Not all users are created the same. Some are standard, some are admins, some are arrows or paper planes.
Look at the picture in the header:
- the woman represents the “standard user” looking at charts she has access to according to her user credentials (in an application with workflows, you will also find variations based on role, such as “approver” or “assignee”);
- the cogs behind the screen represent the “admins”, with universal access to the stuff behind the scenes;
- next, the “arrows” and “paper planes” (disclaimer: I made up these definitions based on the picture): in my mind, they represent that community of people that don’t actively use the system but may be the initiators or the targets of information exchanges.
This post focuses on the last point, a peculiar class of peripheral, “shadow” users.
Imagine an issue management process: there will be one or more dedicated teams in charge of cataloguing and organising the issues and managing their lifecycle to resolution. These will be the “standard” users of the system.
However, where do the issues come from?
Typically from a general audience where anyone may report an “alert” (the seedling of an issue). Unless we are dealing with high-volume, specific operational processes with highly targeted audiences, the individual raising the alert may only do it very occasionally and will not be interested in using the system other than “shooting” their observations and getting a notification that the alert is being appropriately handled and eventually closed.
In other words, guaranteed delivery without having to sign-up to and learn yet another app.
A mirror-version of the above: an active system user, say the issue manager, wants to notify someone about a particular issue and the receiver needs to get the message without having to know anything about the system.
It’s easy to recognise this kind of interactions on CRM systems: emails are sent out to prospects and each exchange ends up in a well-organised database.
The security challenge
When a user is only peripherally and occasionally involved in data collaboration, Security needs particular attention.
The challenge is to ensure identification and secure information transmission whilst minimising/hiding the burden of interacting with a system.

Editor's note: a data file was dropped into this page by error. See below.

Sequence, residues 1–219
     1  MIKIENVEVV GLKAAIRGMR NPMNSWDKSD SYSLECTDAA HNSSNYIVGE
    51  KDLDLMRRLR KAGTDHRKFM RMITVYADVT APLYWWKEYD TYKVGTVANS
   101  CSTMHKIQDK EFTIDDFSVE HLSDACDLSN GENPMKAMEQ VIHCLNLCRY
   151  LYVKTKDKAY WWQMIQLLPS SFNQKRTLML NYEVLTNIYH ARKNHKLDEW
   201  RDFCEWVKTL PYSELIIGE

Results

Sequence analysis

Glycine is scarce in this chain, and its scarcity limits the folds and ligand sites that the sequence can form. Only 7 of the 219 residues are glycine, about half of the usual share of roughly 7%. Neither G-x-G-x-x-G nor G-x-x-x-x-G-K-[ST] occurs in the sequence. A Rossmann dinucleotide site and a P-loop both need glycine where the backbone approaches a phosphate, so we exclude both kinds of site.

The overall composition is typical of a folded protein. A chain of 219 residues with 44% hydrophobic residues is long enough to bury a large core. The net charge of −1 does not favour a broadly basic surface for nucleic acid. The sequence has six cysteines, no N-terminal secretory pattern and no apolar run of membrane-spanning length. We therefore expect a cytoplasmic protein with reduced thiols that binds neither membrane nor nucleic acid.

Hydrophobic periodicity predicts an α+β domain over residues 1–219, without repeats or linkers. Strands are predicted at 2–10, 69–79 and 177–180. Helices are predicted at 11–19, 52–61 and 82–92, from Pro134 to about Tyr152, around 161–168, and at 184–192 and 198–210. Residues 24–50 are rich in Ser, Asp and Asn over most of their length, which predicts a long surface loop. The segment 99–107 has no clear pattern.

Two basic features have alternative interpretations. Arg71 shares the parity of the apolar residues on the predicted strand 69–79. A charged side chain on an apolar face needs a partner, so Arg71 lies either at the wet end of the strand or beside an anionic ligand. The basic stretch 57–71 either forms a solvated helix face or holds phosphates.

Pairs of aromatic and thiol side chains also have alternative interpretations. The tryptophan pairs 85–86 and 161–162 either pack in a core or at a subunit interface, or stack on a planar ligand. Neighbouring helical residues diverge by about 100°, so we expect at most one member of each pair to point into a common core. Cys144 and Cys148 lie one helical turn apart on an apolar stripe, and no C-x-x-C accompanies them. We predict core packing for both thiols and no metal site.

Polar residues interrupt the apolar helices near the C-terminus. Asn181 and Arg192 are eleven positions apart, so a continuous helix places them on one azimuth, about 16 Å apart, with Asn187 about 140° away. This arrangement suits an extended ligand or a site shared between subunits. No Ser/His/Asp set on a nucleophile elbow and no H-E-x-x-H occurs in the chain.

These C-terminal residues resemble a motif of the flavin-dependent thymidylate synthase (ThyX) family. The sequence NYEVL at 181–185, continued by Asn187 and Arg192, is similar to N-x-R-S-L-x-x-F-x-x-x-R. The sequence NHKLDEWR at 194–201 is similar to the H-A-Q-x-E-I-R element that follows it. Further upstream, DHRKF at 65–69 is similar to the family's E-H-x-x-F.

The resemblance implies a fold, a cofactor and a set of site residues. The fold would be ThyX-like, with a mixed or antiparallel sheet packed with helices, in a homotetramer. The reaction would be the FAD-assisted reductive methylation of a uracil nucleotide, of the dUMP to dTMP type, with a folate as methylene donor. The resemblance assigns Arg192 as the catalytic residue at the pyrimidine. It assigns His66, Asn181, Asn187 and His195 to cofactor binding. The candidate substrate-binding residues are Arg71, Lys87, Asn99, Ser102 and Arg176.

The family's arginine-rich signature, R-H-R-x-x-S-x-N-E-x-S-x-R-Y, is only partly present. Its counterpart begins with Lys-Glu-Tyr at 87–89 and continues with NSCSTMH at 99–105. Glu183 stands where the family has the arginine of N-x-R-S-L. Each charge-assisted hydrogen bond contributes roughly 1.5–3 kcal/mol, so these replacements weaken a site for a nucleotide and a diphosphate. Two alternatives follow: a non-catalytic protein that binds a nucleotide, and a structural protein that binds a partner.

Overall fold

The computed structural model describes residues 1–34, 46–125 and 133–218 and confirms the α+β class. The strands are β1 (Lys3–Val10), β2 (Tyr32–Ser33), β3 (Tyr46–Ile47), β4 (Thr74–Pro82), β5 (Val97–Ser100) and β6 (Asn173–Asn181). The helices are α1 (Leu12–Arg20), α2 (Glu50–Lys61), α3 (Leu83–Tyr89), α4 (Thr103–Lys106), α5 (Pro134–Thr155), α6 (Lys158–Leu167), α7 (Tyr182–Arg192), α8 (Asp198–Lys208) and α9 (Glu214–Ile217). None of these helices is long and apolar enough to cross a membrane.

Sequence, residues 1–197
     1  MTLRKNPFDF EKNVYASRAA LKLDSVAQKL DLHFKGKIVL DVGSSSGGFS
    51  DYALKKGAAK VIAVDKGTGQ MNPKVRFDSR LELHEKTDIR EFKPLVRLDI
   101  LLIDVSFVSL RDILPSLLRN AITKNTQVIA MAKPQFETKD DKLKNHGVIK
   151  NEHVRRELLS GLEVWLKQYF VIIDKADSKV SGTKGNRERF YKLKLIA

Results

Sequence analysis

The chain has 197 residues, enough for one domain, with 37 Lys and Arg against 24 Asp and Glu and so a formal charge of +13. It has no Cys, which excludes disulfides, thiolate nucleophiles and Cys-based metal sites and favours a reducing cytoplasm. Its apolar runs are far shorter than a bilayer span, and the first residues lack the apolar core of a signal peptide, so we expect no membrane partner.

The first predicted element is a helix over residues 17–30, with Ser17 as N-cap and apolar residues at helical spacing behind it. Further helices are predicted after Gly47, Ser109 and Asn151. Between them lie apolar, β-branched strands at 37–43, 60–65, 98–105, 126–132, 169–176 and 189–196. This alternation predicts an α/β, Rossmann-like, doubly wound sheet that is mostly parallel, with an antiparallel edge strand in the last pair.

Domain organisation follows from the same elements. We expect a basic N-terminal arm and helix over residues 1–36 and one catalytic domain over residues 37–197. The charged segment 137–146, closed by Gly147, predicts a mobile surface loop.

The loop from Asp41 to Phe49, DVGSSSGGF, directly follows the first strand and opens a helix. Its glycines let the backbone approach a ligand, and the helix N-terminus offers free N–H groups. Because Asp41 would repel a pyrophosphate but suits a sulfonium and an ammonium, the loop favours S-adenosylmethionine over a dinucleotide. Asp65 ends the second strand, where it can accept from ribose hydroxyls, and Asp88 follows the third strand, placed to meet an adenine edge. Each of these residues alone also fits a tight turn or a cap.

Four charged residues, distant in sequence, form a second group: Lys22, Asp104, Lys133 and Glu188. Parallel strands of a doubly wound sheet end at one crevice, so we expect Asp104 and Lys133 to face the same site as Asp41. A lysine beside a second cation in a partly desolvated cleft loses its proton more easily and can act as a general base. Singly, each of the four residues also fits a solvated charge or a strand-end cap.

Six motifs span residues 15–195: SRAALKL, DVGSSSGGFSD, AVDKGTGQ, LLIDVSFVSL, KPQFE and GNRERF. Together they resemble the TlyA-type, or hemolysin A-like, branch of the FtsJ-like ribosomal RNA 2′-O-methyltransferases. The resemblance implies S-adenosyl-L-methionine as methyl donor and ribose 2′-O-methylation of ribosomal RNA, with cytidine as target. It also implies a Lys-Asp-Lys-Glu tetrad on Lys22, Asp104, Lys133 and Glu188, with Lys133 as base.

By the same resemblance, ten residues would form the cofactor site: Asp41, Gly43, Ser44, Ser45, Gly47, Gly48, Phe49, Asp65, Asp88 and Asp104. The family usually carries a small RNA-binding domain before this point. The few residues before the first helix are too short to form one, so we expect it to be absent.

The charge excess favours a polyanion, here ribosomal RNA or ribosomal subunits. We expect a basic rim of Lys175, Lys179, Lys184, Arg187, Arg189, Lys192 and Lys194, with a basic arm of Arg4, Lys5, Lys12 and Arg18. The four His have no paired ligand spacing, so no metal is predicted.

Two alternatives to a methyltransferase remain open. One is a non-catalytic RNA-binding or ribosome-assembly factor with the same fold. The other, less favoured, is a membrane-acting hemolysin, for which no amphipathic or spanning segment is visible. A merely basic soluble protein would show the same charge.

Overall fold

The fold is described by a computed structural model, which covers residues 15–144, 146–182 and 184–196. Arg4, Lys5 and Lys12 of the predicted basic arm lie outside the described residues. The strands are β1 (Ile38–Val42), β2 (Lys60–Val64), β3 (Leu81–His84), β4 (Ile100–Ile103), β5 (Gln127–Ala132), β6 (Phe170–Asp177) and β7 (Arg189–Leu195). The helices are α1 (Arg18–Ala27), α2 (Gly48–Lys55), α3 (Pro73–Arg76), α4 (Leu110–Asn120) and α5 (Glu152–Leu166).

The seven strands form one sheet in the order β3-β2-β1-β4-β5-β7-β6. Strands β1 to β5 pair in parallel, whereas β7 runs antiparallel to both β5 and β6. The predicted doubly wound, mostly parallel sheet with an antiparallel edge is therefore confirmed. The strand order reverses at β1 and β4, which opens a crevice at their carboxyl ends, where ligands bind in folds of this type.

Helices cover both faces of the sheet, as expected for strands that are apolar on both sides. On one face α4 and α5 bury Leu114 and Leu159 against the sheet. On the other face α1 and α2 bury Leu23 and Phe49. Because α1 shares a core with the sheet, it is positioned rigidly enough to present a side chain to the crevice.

In other words, seamless login and message encryption.
Within a company, seamless login is best done via a Single Sign-On (SSO) framework, which allows any employee to gain access to any internal system appropriately “wired” to SSO.
A sub-optimal but viable alternative is email when complemented by walled gardens (e.g.: IP restrictions) and Transport Layer Security (TLS) encryption.
Finally, when dealing with the external world, there is the additional challenge of spam attacks (hence those annoying but necessary CAPTCHA widgets).
The administration challenge
The most secure environment in the one with precise, known boundaries.
With this in mind, you may limit the “shooting of arrows” and the “launching of paper planes” to users that have been explicitly added into the system by an admin team.
This approach, however, creates an administration burden that cannot be realistically handled manually (unless numbers are very low), as well as headaches such as “how long after inactivity should we deny access to x or y?”.
The administration of access and credentials of “shadow” users is best handled automatically according to well-defined rules, removing the need for manual intervention.
When choosing a data collaboration platform it is important to know your audience and verify that it can participate in the correct way within secure boundaries, even when usage is peripheral.
LiveDataset, designed to make business processes easier in a corporate environment, supports authentication via OAUTH2 (OpenID Connect) SSO protocols, the passing of credentials via SCIM, as well as email TLS encryption.
Additionally, our experienced team will be able to create tailored, secure alternatives in those contexts where these standards are not supported.